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office, and in executing every part of it, ought it not to be singly this, to glorify God, and to save souls from death ? Is not this absolutely and indispensably necessary, before all and above all things ? 1 “ If his eye be single, his whole body,” his whole soul, his whole work “ will be full of light.” God“ who commanded light to shine out of darkness," will “ shine on his heart;" will direct him in all his ways, will give him to see the travail of his soul and be satisfied. But if his eye, his intention be not single, if there be any mixture of meaner motives, (how much more, if those were or are his leading motives in undertaking or exercising this high office !) his whole body, his whole soul will be full of darkness, even such as issues from the bottomless pit: let not such a man think, that he shall have any blessing from the Lord. No; the curse of God abideth on him. Let him not expect to enjoy any settled peace, any solid comfort in his own breast: neither can he hope, there wilt be any fruit of his labours, any sinners converted unto God.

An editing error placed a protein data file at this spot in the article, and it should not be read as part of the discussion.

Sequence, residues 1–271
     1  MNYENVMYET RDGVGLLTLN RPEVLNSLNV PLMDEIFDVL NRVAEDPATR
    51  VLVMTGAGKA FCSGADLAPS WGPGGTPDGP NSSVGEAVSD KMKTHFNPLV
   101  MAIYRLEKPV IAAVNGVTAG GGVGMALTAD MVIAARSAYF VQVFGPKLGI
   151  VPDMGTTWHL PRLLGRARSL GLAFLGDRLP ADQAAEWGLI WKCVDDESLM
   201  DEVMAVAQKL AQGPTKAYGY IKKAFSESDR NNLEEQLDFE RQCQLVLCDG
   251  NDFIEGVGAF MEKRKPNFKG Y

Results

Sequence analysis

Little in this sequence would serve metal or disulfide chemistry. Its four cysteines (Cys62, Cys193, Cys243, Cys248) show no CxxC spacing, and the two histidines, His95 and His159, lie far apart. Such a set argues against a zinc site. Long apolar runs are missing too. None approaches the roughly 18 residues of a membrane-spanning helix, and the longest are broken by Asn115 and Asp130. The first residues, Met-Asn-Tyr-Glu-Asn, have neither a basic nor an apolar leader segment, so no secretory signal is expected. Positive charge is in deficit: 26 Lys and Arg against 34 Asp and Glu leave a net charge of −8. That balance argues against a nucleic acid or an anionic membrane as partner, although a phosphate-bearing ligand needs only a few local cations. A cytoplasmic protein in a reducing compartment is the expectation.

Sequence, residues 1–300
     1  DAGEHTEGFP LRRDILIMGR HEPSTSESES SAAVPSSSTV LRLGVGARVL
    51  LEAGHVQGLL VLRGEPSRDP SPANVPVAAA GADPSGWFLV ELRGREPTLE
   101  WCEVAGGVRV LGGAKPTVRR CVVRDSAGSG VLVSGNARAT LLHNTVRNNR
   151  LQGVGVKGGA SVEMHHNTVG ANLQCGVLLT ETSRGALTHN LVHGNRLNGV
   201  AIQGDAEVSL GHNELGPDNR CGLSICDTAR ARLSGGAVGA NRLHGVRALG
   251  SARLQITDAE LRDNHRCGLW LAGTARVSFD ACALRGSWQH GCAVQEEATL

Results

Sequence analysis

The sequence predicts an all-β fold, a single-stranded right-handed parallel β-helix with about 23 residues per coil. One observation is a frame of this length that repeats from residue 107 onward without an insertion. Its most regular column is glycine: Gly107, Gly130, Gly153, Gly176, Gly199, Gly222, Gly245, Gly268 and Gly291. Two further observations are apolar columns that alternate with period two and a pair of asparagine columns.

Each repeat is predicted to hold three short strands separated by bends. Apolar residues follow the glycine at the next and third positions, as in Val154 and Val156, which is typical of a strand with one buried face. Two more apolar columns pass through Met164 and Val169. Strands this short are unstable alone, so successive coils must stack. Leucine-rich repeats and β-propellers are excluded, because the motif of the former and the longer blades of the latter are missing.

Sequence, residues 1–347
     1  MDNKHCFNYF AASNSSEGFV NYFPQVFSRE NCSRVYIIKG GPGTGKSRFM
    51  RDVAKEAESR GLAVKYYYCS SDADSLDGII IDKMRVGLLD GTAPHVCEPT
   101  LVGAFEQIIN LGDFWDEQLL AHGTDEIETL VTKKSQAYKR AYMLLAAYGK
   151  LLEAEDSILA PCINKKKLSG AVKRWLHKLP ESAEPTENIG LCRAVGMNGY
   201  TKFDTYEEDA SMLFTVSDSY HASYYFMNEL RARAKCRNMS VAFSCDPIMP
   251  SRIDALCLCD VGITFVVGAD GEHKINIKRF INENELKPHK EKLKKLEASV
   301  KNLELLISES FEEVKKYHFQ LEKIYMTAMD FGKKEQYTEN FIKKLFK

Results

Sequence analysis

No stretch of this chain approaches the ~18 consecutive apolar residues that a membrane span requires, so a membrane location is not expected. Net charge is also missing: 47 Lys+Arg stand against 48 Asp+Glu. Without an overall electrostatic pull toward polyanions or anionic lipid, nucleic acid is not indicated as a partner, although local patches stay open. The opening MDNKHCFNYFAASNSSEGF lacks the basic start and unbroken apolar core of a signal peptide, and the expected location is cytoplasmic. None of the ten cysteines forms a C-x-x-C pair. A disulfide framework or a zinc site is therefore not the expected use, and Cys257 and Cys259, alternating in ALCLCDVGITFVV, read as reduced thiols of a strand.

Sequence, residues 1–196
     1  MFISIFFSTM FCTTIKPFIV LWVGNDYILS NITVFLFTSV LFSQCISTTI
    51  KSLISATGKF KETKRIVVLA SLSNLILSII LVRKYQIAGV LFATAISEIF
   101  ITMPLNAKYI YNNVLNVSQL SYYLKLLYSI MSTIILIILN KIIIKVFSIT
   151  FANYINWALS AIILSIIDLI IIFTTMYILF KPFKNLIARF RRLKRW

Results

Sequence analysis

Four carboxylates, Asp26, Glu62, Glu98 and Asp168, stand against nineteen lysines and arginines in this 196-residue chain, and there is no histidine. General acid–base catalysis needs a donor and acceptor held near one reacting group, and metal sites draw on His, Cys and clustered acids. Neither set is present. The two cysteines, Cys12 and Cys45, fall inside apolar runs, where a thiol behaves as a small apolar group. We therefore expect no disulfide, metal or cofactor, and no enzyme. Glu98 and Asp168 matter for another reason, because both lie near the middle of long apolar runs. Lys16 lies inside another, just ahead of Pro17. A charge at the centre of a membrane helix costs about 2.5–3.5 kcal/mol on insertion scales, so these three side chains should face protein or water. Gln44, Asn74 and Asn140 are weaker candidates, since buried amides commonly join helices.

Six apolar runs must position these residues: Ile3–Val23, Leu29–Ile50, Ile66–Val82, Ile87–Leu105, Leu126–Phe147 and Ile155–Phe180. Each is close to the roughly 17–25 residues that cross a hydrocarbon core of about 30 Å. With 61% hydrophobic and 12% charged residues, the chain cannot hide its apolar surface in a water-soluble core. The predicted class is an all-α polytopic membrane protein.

2. As to his Affections. Ought not a “ steward of the mysteries of God,” a shepherd of the souls for whom Christ died, to be endued with an eminent measure of love to God, and love to all his brethren? A love the same in kind, but in degree far beyond that of ordinary Christians ? Can he otherwise answer the high character he bears, and the relation wherein he stands ? Without this, how can he go through all the toils and difficulties which necessarily